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Please use this identifier to cite or link to this item: http://hdl.handle.net/10197/2526

Title: Monitoring of forest ecosystems in Ireland : FOREM 9 project : final report
Authors: Boyle, Gillian M.
Farrell, E. P.
Keywords: Forest
Monitoring
Atmospheric deposition
Ecosystem
Research
Precipitation
Soil solution
Throughfall
Forest health
Roundwood
Ballinastoe
Cloosh
Brackloon
Ballyhooly
Issue Date: 2004
Publisher: University College Dublin. Forest Ecosystem Research Group
Series/Report no.: Forest Ecosystem Research Group Reports
72
Abstract: Intensive monitoring has been carried out under EC Regulation 3528/86 (project number 8860 IR 001.0) at Ballyhooly, Co. Cork since 1988. In 1991, three new plots (Roundwood, Cloosh and Brackloon) were established (9060IR0030) to give a more comprehensive network of such plots in Ireland. Monitoring of these three plots continued under project numbers 9360IR0030, 9560IR0030, 9760 IR 0030 9860 IR 0030, 9960IR0030, 2000.60.IR, 2001.60.IR and the current project, focusing on atmospheric inputs and biogeochemical cycling. In 2001, a new plot, Ballinastoe was established, to replace the Roundwood plot, which was due to be clearfelled. This project, (FOREM9, 2002.60.IR) ran from January 2002 to December 2002. The monitoring is designed to improve understanding of the effects of atmospheric pollution on forest ecosystems, and is based on permanent sample plots located in important forest ecosystems in Ireland. The monitoring procedures followed those in the previous projects and closely follow the ICP Manual (UN/ECE, 1998 and updates). Measurements included: precipitation in an open-field plot; quantitative collection and chemical analysis of forest throughfall and stemflow; collection and chemical analysis of forest soil solution from zero-tension lysimeters below the forest floor, and from suction lysimeters at greater depths. The health status of the forests in Ireland is generally good. The Roundwood and Ballinastoe sites are located in the east of Ireland. As such, they are it is subject to higher levels of atmospheric pollutants than the two sites located on the west coast. If there were to be a deterioration in the health of forests in Ireland due to atmospheric deposition, it would be expected to first appear on the east coast, where deposition is highest. Thus the Roundwood and Ballinastoe sites are very valuable for the intensive monitoring programme. Atmospheric deposition in Ireland is dominated by marine ions, notably sodium and chloride. This is due to Ireland’s location on the western seaboard of continental Europe. However, the country is exposed to pollutants during periods of easterly air flows. Evidence of these is seen particularly at the Roundwood and Ballinastoe sites, in eastern Ireland. These “pollution events” merit more comprehensive treatment, to ascertain both their frequency and intensity, and to make some estimation of their potential effects on the forest ecosystem. Soil water sampling is essential to the understanding of these events. Calculation of soil water fluxes carried out in this project, improves our insight into the longer-term environmental impacts of atmospheric deposition on these forests.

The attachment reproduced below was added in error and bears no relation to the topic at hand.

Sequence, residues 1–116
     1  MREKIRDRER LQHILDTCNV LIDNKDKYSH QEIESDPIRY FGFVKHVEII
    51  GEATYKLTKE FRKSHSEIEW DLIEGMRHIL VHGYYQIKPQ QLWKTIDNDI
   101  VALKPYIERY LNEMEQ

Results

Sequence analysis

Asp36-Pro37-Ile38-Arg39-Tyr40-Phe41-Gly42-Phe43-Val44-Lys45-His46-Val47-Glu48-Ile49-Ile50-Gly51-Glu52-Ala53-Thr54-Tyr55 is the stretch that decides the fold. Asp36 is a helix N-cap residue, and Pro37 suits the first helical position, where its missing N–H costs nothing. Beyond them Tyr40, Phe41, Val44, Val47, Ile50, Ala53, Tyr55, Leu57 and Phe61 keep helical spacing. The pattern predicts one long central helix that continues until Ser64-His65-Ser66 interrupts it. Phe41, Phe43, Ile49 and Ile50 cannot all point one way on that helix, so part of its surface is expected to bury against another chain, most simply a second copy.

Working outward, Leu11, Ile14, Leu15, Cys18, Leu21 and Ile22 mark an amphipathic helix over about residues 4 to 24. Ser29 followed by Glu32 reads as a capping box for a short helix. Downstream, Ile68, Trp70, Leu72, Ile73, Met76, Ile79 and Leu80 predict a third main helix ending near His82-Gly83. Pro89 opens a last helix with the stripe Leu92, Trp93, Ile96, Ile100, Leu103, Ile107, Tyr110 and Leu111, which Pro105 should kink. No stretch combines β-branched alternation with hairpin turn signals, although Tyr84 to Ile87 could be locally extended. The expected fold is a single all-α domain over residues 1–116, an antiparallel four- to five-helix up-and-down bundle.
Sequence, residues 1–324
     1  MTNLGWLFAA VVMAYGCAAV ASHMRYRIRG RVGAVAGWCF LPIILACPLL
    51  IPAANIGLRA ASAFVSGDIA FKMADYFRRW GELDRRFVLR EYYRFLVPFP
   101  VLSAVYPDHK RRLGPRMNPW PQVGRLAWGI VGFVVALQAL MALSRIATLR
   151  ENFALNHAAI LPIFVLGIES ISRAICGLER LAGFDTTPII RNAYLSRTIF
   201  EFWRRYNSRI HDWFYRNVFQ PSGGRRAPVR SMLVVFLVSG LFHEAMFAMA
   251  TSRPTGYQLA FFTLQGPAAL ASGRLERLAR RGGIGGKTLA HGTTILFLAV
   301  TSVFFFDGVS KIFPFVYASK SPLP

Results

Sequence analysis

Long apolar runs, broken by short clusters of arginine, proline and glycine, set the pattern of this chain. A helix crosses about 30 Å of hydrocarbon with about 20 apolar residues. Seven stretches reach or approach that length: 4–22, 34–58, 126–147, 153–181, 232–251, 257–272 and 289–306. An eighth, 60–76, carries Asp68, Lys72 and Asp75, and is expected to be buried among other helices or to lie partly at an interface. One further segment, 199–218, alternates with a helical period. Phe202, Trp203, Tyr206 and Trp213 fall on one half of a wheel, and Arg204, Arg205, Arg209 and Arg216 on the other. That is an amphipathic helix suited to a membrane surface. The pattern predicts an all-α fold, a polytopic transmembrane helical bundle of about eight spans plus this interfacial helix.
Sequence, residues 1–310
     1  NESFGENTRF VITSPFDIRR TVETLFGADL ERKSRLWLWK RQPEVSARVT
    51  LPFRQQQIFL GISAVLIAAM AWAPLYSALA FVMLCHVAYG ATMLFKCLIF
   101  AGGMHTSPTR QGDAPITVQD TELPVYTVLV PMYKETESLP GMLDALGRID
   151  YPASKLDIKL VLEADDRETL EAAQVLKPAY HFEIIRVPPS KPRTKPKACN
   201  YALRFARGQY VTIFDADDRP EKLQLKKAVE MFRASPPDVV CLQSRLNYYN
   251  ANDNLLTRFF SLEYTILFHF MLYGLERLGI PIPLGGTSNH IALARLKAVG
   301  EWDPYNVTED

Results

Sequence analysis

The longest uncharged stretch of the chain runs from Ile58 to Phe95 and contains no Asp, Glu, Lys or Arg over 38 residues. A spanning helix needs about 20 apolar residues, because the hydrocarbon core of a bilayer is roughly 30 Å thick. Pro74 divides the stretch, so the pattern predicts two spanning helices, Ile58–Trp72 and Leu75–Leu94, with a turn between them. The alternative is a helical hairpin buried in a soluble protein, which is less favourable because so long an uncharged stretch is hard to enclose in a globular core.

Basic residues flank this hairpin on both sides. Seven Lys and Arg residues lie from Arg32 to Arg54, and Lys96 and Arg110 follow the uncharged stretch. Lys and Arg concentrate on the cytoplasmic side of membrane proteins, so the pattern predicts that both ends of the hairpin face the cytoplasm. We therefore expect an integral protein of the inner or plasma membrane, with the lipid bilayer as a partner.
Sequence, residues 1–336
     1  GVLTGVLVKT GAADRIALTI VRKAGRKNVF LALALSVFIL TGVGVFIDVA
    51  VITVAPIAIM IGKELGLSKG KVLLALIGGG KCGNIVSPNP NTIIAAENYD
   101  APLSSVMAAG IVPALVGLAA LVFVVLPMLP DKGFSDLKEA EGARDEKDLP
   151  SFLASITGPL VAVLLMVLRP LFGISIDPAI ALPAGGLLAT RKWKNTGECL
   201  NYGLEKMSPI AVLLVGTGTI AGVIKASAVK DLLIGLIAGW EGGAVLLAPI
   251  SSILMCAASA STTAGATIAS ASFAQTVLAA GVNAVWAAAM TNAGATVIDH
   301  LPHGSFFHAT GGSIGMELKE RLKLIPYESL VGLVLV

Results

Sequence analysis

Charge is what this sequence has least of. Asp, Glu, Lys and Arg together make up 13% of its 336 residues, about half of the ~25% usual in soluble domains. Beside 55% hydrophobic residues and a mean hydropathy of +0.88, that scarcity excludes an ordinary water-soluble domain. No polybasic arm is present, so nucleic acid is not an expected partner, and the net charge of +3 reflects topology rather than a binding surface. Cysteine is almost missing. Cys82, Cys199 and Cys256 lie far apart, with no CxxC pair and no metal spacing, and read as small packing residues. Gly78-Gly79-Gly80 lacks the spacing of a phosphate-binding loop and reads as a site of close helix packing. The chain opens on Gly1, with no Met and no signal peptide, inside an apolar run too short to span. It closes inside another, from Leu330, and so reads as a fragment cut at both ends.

URI: http://hdl.handle.net/10197/2526
Appears in Collections:Forest Ecosystem Research Group Reports

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